Thursday, February 5, 2015

Enterprise Search part 6 - Managed Properties

Fast Search for SharePoint (and SharePoint 2013) has a feature called Managed Properties. These are, in short, operators that trigger search to key in on a specific property/metadata (e.g., a field in a list or library). If you read my previous post on search; Enterprise Search - Boolean and other advanced search techniques; you'll see that there are many out-of-the-box managed properties that are mapped. A couple of examples are "Filename:" and "Author:". To quote the official documentation, a SharePoint farm administrator or search service application administrator "can enhance the end-user search experience by mapping crawled properties to managed properties. Crawled properties are metadata (such as author, title, or subject) that are extracted from documents during crawls. Managed properties can appear in refined searches and help users perform more successful queries."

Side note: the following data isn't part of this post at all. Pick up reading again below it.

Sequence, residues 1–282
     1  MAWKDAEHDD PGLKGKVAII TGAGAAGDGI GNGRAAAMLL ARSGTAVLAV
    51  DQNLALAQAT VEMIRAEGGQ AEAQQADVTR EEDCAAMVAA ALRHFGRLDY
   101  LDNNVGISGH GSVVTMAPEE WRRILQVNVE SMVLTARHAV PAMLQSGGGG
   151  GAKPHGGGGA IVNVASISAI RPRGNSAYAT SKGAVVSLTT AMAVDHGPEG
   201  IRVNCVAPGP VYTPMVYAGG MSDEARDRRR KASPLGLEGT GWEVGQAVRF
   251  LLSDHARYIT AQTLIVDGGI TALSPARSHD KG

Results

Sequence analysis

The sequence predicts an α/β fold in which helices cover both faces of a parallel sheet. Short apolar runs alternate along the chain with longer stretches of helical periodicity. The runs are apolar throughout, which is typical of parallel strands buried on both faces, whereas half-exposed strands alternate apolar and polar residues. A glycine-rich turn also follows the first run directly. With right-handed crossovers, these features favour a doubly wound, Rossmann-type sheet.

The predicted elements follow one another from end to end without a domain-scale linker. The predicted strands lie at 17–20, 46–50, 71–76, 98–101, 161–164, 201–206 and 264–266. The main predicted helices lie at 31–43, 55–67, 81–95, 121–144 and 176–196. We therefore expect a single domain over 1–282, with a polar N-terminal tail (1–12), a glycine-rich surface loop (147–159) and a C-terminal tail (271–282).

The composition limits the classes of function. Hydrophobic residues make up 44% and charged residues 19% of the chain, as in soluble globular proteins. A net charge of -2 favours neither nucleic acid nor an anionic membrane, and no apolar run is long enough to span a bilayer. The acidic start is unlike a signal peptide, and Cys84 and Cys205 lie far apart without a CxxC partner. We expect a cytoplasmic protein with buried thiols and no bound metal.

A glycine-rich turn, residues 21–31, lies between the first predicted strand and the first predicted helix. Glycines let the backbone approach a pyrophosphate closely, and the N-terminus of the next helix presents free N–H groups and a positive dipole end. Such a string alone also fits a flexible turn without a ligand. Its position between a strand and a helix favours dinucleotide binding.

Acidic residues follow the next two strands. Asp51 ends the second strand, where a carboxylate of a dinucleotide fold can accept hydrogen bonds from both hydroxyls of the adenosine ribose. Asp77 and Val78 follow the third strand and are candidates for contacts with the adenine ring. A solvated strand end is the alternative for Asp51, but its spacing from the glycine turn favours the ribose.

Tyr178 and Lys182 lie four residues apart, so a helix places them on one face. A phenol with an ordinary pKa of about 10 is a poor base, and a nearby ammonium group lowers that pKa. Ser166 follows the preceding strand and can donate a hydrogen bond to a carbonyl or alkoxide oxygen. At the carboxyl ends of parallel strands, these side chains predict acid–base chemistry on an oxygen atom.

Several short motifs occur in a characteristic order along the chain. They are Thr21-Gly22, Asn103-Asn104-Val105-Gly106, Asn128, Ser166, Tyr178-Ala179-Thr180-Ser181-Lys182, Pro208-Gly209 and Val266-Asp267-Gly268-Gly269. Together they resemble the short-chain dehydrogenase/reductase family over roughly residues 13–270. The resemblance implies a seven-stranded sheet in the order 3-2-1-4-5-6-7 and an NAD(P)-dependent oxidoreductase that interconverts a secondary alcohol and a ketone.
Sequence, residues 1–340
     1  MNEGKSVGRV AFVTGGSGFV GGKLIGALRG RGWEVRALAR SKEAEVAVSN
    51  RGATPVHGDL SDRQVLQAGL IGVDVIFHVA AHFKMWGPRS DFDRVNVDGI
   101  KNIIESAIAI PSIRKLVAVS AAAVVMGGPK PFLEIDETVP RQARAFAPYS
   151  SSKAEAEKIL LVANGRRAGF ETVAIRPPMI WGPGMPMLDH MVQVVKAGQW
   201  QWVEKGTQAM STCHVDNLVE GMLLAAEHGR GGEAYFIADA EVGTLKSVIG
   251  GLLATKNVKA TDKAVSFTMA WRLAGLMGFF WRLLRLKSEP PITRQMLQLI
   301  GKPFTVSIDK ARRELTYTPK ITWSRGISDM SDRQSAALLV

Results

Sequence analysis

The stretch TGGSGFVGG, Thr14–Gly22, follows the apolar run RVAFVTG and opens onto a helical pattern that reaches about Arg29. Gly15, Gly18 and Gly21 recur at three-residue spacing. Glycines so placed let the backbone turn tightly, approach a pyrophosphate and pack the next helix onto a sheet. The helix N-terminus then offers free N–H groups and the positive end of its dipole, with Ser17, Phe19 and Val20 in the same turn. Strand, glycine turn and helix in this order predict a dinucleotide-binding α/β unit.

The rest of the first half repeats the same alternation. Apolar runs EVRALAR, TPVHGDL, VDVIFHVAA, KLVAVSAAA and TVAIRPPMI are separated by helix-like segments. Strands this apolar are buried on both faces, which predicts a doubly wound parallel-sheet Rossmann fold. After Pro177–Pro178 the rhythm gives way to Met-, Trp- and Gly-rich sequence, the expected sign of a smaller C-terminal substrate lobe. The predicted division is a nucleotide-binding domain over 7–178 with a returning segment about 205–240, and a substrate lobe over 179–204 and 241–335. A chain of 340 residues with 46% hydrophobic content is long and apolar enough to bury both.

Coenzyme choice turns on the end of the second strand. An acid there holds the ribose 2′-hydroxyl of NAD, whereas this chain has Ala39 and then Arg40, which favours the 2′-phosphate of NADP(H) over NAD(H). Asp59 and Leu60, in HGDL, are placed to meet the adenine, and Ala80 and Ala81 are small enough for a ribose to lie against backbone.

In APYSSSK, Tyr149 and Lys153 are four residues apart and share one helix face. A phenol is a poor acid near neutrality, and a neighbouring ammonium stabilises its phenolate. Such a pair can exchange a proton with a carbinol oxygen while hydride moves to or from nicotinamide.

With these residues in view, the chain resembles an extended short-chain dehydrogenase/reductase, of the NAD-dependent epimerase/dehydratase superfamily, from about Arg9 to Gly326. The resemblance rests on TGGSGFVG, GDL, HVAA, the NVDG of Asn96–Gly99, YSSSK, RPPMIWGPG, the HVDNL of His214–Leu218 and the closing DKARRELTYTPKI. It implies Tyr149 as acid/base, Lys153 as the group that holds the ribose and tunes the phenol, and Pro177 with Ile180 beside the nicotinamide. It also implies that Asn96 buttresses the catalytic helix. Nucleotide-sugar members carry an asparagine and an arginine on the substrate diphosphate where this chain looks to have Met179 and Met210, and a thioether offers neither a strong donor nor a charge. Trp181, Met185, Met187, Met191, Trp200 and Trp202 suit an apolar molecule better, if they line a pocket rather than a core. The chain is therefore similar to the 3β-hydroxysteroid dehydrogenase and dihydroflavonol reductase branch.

As a rudimentary example of how one would use a custom (not out-of-the-box) managed property, let's say you have a SharePoint site, and on that site you have a list containing weapon system parts. In this list, you have a column called Weapon System that is populated with data indicating what weapon system the part fits. You could create a view that filters to just that weapon system, but if you wanted to perform a search that returns all parts that go to a particular weapon system, we could create a managed property named, for example, PSWeaponSystem, and mapped that managed property to the [Weapon System] column in your list (via its crawled property). this would allow you to go to the search center and enter in PSWeaponSystem:"Name of the weapon system". Since the managed property is mapped specifically to a column on your list, it will not return extraneous/unrelated records, and would only return records from your list that match data in that column (Weapon System in this example). At the risk of opening a Pandora's Box, SharePoint farm admins can pass this information along to site admins allowing them to request a managed property. Site admins should clearly define their business needs and what they want to accomplish with search. Each managed property would need to be evaluated by a farm admin since it can create a burden on the search system, but managed properties certainly can make make SharePoint search more useful and productive if used correctly.

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